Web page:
Dawn of Electrical Communications, 1840-1880
The telegraph was the first widely-adopted commercially successful invention to emerge from the discovery of electromagnetic forces. Creating and running the telegraph system that crisscrossed the United States served as an incubator that allowed future inventors such as Edison to gain theoretical knowledge and practical experience in electromagnetism that led to future inventions, including the telephone system.
- Telegraph Invention Kit
In a telegraph system, a telegraph key is depressed in one location, which completes a circuit that causes an armature to be attracted to an electromagnet at another location, creating a clicking sound. The United States had tens of thousands of miles of telegraph wires to form the backbone of these circuits. However, a telegraph signal loses strength as it travels through a wire. A telegraph relay amplifies and regenerates the signal making it possible to create a telegraph system that spanned the nation.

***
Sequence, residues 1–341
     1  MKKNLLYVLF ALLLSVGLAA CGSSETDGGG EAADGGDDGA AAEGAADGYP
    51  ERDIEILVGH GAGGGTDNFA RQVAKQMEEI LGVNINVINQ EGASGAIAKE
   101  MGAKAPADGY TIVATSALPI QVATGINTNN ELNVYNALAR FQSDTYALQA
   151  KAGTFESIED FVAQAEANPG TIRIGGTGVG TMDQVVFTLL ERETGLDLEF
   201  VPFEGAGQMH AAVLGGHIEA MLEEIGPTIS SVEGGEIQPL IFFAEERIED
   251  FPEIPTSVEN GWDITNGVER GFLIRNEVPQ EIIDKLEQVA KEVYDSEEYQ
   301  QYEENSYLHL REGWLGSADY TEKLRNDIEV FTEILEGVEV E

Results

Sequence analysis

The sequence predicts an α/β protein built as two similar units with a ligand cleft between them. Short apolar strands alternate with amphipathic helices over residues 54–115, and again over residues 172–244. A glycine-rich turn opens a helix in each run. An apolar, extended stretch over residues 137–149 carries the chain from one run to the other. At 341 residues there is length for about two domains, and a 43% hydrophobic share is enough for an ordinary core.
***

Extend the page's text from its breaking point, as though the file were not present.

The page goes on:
- Telephone Invention Kit
Telephone transmission lines are similar to those of a telegraph. However, instead of communicating with the telegraph’s timed intervals between clicks (short and long transcribed as dots and dashes), the telephone transmitted the human voice.
Age of Power, 1880-1920
Early batteries did not provide sufficient power or longevity for the practical use of electric motors. The disruptive use of electrical motors in manufacturing had to wait until power generation systems transmitted electricity across a power grid. This occurred in 1880 when Edison began construction of the Pearl Street power station in Manhattan.
- Charles Page Electromagnetic Engine
The Charles Page “Electromagnetic Engine” employs two solenoids to move an armature back and forth. Page strived to prove the practicality of the electric motor with his electric locomotive, which failed its public test run in 1851. Page’s career continued untarnished; however, his vision of electric locomotives was not realized for several decades. Later it became the standard.
- Davenport Rotary Motor
The first rotary motor, patented by Thomas Davenport, revolves in a continuous circle. Davenport failed in his ambition of replacing steam power with electrical. He returned to blacksmithing embittered. As Edison and others developed electrical power systems, electrical motor use grew, with most being rotary in operation.